Mine workers are potentially subject to dangerous conditions, including exposure to hazardous gases, radioactivity exposure, loss of power (in particular in underground mines), collapsing tunnels, dust inhalation and toxic runoff (see Human Rights Violations page). Many of these dangers involve carcinogens that can be fatal if a significant amount accumulates in the body. Poor conditions such as these pose issues for neighboring communities as well if regulations are not strictly enforced.

Here is an interactive map of the locations of the current major rare earth mines, which Mission 2016 focused most on developing new mines for (see the opening new mines page).

Click on each location for further information. Note, other mines not included in the map may produce REEs but they often produce other elements in greater quantities and REE production can be small in comparison.

4. Refinement

The purification of extracted ores requires a variety of techniques unique to each ore. New processes for refinement of rare earth elements (REEs) in particular are still under experimentation by many organizations, such as Molycorp for example. Often, a great quantity of rare earth ore is wasted due to nonideal, under researched methods of refining. Mitigating the current inefficiencies in this extensive process can lower the waste of energy, time and materials.

The most common method of extracting and separating rare earth elements from mined rock is the solvent exchange method. This process consists of at least eight steps, the first of which is crushing the ore into smaller fragments, and then into very fine particles. This fine powder is then put through a series of processes aimed at separating it based on density, shape, magnetism and chemical properties. Varying steps are used to separate the resulting material into individual elements ("Density separation and shape separation", n.d.). Major issues with the refinement of REEs include the amount of energy required to perform this process ("Rare Earth Processing 101", 2011) and disposal of radioactive byproducts such as uranium and thorium (Long, Van Gosen, Foley & Cordier, n.d.).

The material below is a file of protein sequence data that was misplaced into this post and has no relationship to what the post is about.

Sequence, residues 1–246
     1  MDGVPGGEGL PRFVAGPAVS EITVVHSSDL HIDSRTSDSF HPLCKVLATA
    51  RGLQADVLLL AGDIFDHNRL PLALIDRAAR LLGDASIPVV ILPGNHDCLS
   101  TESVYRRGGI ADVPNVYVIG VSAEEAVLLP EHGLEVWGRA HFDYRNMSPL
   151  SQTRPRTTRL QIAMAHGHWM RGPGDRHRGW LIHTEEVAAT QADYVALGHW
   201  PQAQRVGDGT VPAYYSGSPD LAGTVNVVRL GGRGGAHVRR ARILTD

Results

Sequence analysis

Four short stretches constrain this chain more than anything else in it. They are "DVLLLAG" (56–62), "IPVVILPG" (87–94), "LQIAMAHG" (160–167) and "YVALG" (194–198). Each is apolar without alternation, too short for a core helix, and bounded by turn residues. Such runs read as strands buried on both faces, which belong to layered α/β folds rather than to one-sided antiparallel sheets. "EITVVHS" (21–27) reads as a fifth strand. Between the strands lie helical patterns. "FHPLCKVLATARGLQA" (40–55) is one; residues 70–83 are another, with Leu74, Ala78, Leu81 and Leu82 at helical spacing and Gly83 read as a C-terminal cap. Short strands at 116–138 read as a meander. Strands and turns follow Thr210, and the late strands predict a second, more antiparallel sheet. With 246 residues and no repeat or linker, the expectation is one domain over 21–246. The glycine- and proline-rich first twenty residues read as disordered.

Refining other strategic metals is often less complicated than refining REEs. Processes to refine uranium, platinum, lithium, phosphorus and other strategic elements are becoming more efficient over time. Purification of mined platinum, phosphorus and uranium involve similar techniques: the rock is crushed into small particles, which are then subjected to varying solutions to sort out extraneous elements by solubility (Long, n.d.) ("Most sophisticated industrial inorganic chemistry", n.d.). Purification of lithium from pegmatite ores is conducted by crushing and floating followed by acid leaching (Gruber, 2011). Global ownership issues concerning platinum-group elements (PGE), lithium, phosphorus and radioactive minerals result primarily from lack of distribution after refinement/production and not a lack of production efficiency. Since the most common methods of refining REEs are largely inefficient, complex, and costly, improving these processes is vital to increasing the global supply of REEs and will be addressed (see Refining Page).

Other concerns that must be taken into account before establishing a mine include:

Marketing Plan